Prostate cancer is the second most common form of cancer in men, lung cancer being first, striking approximately 165,000 men each year with about 30,000 dying of the disease.
Caught early, prostate cancer can be treated, usually successfully. But remember, in early stages, prostate cancer has no symptoms, so don't wait for "something bad" to happen to Get It Checked.
Compared with other men, African-American men and men with a family history of the disease are at higher risk of developing prostate cancer. A man with a father or brother who had prostate cancer is twice as likely to develop the disease.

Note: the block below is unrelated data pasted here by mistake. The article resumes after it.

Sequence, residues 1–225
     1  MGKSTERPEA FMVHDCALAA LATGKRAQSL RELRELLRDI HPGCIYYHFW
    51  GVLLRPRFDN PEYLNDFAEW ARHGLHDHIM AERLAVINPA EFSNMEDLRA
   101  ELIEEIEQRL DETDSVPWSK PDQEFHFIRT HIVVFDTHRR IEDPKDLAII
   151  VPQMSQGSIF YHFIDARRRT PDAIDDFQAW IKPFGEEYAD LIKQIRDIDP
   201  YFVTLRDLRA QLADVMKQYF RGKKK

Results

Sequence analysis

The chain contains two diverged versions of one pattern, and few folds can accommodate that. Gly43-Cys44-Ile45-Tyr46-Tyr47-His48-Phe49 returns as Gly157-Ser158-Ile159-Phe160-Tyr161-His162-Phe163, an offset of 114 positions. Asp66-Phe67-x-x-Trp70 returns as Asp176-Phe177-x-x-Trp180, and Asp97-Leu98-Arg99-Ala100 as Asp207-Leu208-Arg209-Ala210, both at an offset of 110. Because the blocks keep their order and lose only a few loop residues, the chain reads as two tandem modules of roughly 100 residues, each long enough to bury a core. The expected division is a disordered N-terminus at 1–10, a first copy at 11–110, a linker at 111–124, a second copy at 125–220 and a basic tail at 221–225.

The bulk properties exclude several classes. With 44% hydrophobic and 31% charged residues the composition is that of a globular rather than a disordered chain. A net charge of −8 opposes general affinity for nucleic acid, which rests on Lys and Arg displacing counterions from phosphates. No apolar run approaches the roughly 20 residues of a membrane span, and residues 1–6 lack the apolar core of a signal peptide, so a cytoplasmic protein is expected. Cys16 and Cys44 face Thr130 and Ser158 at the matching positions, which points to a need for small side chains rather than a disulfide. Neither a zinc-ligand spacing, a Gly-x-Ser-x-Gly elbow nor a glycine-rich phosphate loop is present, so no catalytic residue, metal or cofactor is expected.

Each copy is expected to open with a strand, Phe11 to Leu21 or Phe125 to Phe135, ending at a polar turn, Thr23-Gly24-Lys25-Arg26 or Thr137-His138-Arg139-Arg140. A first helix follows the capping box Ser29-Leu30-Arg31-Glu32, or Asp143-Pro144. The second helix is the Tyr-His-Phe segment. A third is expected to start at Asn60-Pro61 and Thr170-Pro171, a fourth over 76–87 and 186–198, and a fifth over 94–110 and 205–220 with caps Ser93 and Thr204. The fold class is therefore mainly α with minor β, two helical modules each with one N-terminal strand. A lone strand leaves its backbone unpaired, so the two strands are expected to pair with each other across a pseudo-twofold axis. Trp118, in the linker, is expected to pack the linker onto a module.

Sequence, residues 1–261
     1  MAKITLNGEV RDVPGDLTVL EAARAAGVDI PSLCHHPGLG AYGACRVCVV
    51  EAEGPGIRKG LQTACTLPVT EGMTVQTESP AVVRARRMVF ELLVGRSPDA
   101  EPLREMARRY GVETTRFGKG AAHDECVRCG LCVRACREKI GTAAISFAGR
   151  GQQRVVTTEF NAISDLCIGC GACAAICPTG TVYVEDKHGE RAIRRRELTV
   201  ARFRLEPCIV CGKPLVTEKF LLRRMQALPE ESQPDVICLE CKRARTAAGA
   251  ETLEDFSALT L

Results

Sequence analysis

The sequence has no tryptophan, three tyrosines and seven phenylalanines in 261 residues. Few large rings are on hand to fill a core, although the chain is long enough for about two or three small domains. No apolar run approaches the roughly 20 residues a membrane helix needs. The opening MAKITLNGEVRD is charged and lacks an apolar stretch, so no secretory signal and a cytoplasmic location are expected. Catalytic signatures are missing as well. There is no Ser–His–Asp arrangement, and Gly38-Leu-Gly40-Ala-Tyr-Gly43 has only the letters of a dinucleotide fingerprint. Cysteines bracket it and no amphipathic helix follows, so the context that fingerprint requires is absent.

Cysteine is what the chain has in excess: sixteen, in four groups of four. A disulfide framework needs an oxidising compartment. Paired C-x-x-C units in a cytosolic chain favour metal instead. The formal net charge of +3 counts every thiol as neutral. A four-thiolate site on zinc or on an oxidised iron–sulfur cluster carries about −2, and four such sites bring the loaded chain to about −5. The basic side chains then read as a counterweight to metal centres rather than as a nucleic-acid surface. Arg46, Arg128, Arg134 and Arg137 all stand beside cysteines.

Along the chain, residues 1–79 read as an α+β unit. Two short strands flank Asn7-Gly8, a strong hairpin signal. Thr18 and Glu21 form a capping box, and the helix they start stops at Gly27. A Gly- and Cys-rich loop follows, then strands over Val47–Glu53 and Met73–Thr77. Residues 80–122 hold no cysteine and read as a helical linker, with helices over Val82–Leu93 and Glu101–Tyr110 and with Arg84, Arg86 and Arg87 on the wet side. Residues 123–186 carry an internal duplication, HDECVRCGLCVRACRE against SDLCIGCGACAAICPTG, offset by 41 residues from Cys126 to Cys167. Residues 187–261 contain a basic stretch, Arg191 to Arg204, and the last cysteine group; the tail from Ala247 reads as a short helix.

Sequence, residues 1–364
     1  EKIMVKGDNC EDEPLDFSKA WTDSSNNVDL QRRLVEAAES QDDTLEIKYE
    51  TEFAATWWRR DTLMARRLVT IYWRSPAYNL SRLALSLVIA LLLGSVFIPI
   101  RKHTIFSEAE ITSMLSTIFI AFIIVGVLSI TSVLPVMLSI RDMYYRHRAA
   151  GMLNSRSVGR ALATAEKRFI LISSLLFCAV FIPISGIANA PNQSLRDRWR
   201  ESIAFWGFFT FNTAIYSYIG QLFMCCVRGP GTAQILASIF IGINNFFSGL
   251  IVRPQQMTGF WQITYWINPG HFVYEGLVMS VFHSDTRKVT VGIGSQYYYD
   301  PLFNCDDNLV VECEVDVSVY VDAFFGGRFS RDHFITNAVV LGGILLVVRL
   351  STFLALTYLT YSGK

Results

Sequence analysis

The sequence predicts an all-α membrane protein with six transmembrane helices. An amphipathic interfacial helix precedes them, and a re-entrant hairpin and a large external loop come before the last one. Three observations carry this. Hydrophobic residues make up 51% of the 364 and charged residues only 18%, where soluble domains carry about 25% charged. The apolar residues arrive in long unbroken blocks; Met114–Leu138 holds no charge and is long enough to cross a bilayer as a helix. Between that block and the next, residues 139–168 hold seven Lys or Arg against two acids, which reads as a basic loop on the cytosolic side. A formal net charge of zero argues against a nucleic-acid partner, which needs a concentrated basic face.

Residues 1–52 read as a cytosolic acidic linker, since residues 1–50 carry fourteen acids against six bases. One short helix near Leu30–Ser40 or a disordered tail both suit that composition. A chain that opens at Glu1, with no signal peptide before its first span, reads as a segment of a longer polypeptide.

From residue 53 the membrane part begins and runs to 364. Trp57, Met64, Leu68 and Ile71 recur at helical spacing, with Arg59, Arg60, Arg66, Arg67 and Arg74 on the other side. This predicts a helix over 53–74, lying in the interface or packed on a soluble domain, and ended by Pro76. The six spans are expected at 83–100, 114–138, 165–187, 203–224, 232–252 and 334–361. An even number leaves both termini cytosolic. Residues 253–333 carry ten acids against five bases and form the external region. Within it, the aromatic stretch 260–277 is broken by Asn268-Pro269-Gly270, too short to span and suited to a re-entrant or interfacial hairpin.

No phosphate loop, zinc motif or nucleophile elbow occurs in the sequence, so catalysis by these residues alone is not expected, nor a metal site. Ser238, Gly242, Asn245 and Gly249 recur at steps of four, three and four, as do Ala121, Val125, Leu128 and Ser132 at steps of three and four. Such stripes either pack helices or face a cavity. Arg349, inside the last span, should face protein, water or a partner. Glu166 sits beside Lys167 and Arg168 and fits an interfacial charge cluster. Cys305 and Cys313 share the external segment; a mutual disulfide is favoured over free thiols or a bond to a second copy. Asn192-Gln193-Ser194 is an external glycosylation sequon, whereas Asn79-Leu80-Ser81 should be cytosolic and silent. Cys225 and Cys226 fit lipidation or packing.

For almost 30 years, doctors have had a powerful weapon in their arsenal for detecting prostate cancer. In addition to the digital rectal exam (DRE) patients can have a simple blood test called a prostate-specific antigen (PSA), that will detect a majority of prostate problems early. Since the PSA has been used, prostate cancer deaths have declined and the number of successfully treated prostate cancer cases has risen.
During September—Prostate Cancer Awareness Month—Men’s Health Network is urging men to talk to their healthcare providers about prostate cancer. They also encourage women to get involved and urge their husbands, fathers, brothers, and other loved ones to talk to their healthcare provider about prostate screening, including the PSA and DRE tests.